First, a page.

NOTE: Because improper connections can potentially make very loud noises, it’s a good idea to have monitor levels down while hooking up audio equipment -- you may even choose to turn your computer off before making the connections.

The following examples, at first glance, may look rather long and laborious. However, you will find that most of the settings are factory defaults and will rarely need to be modified.

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Transferring from DAT to Delta 1010LT

MIDI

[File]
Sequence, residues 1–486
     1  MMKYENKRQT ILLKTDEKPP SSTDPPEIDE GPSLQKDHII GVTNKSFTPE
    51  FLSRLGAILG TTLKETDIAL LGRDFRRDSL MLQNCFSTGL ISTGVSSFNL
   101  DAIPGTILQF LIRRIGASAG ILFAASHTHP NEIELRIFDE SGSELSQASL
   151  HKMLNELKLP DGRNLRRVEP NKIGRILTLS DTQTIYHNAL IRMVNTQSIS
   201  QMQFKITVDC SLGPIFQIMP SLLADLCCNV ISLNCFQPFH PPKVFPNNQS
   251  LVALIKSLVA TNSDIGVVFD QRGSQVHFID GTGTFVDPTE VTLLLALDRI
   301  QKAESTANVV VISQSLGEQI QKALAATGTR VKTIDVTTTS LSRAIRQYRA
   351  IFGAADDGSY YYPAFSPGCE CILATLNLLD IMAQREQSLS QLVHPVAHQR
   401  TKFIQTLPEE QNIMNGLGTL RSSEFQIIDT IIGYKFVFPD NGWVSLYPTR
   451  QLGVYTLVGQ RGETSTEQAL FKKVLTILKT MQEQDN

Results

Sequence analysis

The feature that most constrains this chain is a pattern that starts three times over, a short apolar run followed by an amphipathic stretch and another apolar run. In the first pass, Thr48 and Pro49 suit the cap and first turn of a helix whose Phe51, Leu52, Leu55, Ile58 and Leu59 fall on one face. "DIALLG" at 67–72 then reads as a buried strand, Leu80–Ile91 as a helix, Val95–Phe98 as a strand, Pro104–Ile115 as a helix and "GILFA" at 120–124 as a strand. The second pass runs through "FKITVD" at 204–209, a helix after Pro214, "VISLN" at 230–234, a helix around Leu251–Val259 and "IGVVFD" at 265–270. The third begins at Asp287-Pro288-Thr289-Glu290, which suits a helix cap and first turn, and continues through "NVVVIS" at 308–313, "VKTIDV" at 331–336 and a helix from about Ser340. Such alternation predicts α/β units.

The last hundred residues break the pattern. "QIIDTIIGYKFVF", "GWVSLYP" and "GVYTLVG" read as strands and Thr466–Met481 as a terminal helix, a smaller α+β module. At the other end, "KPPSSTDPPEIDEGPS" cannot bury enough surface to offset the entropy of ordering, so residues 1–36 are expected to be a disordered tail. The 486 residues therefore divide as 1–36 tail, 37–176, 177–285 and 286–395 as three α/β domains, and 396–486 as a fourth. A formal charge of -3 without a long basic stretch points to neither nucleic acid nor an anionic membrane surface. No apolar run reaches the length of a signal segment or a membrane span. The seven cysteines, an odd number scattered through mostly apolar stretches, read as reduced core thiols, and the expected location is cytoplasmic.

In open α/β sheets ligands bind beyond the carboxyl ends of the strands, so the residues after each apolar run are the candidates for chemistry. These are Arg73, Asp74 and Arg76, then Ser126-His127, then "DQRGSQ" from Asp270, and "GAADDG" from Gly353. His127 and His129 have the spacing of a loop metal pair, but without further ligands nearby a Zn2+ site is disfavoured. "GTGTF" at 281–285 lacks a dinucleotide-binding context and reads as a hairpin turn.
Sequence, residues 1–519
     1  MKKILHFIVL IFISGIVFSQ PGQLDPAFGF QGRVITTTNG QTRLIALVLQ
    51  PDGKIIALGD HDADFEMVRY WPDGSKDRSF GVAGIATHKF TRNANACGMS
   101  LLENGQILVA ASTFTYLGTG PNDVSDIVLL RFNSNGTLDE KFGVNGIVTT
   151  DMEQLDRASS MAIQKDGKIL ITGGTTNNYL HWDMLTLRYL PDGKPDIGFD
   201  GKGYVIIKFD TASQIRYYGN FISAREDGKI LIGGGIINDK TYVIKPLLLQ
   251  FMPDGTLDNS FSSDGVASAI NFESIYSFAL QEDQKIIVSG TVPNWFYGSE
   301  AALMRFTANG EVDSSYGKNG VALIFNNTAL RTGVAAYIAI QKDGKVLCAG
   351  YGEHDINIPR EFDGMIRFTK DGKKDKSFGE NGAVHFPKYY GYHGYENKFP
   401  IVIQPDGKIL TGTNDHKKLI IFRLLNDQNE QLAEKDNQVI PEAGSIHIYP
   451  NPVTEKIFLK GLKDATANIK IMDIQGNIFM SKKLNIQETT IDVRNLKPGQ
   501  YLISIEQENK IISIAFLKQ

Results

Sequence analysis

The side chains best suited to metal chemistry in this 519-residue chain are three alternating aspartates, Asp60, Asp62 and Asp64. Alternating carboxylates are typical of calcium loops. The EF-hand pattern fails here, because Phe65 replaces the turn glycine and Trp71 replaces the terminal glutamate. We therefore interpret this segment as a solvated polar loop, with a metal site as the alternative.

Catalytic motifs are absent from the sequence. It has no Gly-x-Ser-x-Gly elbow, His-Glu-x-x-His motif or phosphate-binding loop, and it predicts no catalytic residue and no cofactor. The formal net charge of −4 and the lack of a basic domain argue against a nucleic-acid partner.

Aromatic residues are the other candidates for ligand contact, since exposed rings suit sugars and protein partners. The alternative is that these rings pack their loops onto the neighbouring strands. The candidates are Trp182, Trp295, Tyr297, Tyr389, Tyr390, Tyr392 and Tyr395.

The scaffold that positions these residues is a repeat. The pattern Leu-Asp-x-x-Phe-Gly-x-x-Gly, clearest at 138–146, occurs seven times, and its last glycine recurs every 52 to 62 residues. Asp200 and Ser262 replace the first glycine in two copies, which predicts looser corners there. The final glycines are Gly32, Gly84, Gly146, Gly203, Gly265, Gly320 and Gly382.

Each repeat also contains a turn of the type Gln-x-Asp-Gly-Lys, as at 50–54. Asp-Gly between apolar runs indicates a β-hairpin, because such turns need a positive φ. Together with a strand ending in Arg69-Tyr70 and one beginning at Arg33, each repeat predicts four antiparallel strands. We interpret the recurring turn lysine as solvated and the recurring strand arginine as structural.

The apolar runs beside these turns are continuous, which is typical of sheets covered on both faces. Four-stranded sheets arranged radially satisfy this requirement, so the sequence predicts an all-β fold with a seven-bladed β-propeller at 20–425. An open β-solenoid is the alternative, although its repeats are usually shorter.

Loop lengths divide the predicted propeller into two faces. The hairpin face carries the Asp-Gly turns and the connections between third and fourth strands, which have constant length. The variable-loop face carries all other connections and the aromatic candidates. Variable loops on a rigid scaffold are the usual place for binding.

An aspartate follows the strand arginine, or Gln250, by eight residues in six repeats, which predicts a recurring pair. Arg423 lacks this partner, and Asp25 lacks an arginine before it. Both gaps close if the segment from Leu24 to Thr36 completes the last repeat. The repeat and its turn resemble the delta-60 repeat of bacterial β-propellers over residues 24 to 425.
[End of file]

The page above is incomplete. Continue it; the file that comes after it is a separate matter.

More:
WORDCLOCK

S/PDIF OUT

S/PDIF IN

S/PDIF O UT

Delta 1010LT

1. Connect the DAT’s coaxial S/PDIF output to the S/PDIF In of the Delta 1010LT PCI host card, using a good quality cable. 2. Connect the 1010LT analog outputs 1 & 2 to some type of amplified sound system. The sound system should be equipped with speakers or head-phones. 3. Because you will be recording from the S/PDIF input, you will need to set up the Delta 1010LT to synchronize its master clock with the S/PDIF input. To do this, open the Hardware Settings page of the control panel software. Under Master Clock, select "S/PDIF In." 4. Next, you will need to tell your application software the expected sample rate. We’ll use 44.1 kHz in this example. Therefore, on the Hardware Settings page, set the "S/PDIF Sample Rate" to 44,100.